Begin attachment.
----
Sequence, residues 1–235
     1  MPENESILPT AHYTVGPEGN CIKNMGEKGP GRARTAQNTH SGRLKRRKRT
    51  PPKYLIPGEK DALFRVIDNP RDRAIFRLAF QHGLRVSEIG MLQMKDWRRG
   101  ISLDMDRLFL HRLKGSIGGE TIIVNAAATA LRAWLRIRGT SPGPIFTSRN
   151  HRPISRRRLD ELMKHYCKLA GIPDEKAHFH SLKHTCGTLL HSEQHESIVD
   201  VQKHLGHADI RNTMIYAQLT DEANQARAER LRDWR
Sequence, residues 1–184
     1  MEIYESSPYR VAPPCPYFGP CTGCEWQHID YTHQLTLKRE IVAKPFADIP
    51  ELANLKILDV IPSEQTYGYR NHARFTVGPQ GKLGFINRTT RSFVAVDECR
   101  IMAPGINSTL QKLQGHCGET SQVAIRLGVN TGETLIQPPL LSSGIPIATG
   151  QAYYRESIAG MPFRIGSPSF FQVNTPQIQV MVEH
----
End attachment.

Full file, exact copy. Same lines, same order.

Sequence, residues 1–235
     1  MPENESILPT AHYTVGPEGN CIKNMGEKGP GRARTAQNTH SGRLKRRKRT
    51  PPKYLIPGEK DALFRVIDNP RDRAIFRLAF QHGLRVSEIG MLQMKDWRRG
   101  ISLDMDRLFL HRLKGSIGGE TIIVNAAATA LRAWLRIRGT SPGPIFTSRN
   151  HRPISRRRLD ELMKHYCKLA GIPDEKAHFH SLKHTCGTLL HSEQHESIVD
   201  VQKHLGHADI RNTMIYAQLT DEANQARAER LRDWR
Sequence, residues 1–184
     1  MEIYESSPYR VAPPCPYFGP CTGCEWQHID YTHQLTLKRE IVAKPFADIP
    51  ELANLKILDV IPSEQTYGYR NHARFTVGPQ GKLGFINRTT RSFVAVDECR
   101  IMAPGINSTL QKLQGHCGET SQVAIRLGVN TGETLIQPPL LSSGIPIATG
   151  QAYYRESIAG MPFRIGSPSF FQVNTPQIQV MVEH